He called on the government to "rethink this overly politicized approach to the Summer Jobs Program and revise its application so that it judges the matter on its merits and not something on which there is widespread disagreement in the public.”
He advised Catholic groups in the Archdiocese of Vancouver to consult with Vicar-General Gary Franken before applying for any Summer Jobs funding.
The Catholic Civil Rights League also criticized the policy. “It is not enough that employers respect and observe the laws of Canada; (under the policy) they must affirm loyalty to a set of values which they may find deeply wrong,” said the Catholic Civil Rights League in a statement.
“Any Catholic individual or organization, which professes fidelity to the teachings of the Church, cannot make this affirmation, and is thereby excluded from a program which should be open to all law-abiding organizations. A firm and principled rejection of abortion is inseparable from an adherence to the Catholic faith.”
“We call upon the government to revoke this unconstitutional and deeply offensive provision immediately,” said the League. “Canadians of all faiths must recognize what is at stake.”
The Toronto Right to Life Association, a group that has received summer jobs funding in the past, has sued the government over the policy.
The Canadian Conference of Catholic Bishops slammed the new policy as an “infringement” on religious freedom and freedom of conscience.
“This new policy conflicts directly with the right to freedom of religion and conscience which too are enshrined in the Charter of Rights and Freedoms as well as in associated case law,” the CCCB said. It seriously undermines the right to religious freedom since the Government of Canada is directly limiting the right of religious traditions to hold, teach, and practise their principles and values in public.
The CCCB joined the Evangelical Fellowship of Canada, the Canadian Council of Christian Charities, and other organizations in attacking the policy which was announced just before Christmas. Applications for summer jobs grants close on Feb. 2. If the attestation is not checked off, the application is considered incomplete and will not be considered.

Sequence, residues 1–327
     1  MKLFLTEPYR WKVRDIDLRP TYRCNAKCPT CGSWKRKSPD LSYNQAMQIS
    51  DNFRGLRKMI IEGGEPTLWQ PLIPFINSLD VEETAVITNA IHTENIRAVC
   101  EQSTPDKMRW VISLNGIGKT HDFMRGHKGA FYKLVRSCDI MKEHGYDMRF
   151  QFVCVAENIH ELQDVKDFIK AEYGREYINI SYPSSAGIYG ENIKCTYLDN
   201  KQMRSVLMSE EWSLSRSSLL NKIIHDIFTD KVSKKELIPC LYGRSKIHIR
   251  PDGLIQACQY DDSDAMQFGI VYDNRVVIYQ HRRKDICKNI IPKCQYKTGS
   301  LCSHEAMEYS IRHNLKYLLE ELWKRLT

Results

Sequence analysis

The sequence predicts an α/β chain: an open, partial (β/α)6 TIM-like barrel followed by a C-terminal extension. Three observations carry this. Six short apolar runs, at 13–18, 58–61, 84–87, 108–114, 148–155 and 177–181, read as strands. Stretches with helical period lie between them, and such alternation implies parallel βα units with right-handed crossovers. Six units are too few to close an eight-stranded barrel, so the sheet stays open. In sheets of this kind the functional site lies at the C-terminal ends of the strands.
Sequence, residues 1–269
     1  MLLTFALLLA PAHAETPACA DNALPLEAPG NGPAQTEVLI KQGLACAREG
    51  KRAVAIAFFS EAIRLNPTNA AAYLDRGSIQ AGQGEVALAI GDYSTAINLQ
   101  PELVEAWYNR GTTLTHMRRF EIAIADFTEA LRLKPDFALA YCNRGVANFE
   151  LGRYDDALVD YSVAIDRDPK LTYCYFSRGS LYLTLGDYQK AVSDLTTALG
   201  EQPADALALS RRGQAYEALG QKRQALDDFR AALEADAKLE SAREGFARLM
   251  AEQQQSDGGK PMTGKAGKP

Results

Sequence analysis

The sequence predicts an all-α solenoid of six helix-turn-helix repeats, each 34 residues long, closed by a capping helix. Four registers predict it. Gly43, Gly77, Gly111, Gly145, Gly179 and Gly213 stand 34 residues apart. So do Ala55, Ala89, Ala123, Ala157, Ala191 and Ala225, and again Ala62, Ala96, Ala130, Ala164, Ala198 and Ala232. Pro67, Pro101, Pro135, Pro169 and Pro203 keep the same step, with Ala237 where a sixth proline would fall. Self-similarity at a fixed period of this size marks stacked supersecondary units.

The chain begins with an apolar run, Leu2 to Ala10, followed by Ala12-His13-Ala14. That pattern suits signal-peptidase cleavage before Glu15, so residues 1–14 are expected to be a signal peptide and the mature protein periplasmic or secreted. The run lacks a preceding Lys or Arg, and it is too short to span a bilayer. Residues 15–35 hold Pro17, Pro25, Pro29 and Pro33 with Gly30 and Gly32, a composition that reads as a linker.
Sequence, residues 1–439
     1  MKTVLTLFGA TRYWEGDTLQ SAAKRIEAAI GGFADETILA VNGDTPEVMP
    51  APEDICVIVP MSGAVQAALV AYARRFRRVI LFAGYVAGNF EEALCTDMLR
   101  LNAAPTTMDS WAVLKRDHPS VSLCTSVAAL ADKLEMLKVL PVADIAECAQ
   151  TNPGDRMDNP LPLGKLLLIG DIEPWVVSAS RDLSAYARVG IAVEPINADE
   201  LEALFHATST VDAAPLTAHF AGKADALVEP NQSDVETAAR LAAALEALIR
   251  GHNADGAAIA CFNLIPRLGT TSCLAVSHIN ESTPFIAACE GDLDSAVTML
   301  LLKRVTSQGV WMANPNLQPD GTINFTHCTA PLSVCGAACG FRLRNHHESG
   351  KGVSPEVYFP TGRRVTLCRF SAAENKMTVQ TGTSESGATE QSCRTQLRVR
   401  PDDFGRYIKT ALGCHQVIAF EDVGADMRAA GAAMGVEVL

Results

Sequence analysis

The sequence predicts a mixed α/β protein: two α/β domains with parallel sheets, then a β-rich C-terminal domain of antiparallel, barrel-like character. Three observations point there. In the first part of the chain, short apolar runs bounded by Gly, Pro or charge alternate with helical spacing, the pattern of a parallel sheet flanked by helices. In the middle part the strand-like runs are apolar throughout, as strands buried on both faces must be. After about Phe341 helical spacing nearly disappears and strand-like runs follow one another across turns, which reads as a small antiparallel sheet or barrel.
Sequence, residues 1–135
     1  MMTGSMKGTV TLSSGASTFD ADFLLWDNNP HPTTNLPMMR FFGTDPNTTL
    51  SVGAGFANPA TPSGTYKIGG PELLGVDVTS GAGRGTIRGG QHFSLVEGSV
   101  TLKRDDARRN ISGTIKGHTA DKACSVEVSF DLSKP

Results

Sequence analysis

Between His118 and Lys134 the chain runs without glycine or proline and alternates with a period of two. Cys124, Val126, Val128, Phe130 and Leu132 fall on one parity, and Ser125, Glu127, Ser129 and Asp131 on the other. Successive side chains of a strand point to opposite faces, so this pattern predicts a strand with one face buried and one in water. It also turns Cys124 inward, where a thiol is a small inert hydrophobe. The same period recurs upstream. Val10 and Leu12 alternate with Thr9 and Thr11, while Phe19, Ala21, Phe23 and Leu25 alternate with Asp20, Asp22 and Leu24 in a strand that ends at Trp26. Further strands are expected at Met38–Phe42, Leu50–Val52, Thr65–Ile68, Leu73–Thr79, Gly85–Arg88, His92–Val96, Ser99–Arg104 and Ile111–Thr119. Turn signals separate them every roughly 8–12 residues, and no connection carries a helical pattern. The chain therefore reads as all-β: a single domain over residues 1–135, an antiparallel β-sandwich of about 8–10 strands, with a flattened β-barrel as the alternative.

The EFC has heard from more than 160 groups and charities that will be affected. The Council of Christian Charities said it is has received many complaints and is advising groups to use a “paper process” to apply, so their application will not be automatically voided. The groups are advised to write their own attestation of support for the Charter without affirming agreement with abortion.
Canada’s former ambassador for religious freedom is also sounding an alarm over the controversial new restrictions.
In an interview with Grandin Media, Deacon Andrew Bennett, a deacon in the Ukrainian Greek Catholic Church, warned the changes infringe on the fundamental rights of all Canadians, not only people of faith.
“It’s something that Canadians of all religious backgrounds, of all belief systems, need to stand up and say ‘Enough is enough.’ The government cannot dictate what Canadians should or should not believe to access certain government programs.”
“We need to be worried about this as Canadians, because regardless of where you stand on the abortion debate, regardless of where you stand on marriage or on gender identity, as Canadians we should be defending freedom of expression,” said Deacon Bennett.
Deacon Bennett was appointed by the former Conservative government as Canada’s first ambassador for religious freedom, an office that involved advising developing countries. He served for three years until 2016, when the office was abolished by the Liberal government of Prime Minister Justin Trudeau.
With a file from Andrew Ehrkamp, Grandin Media.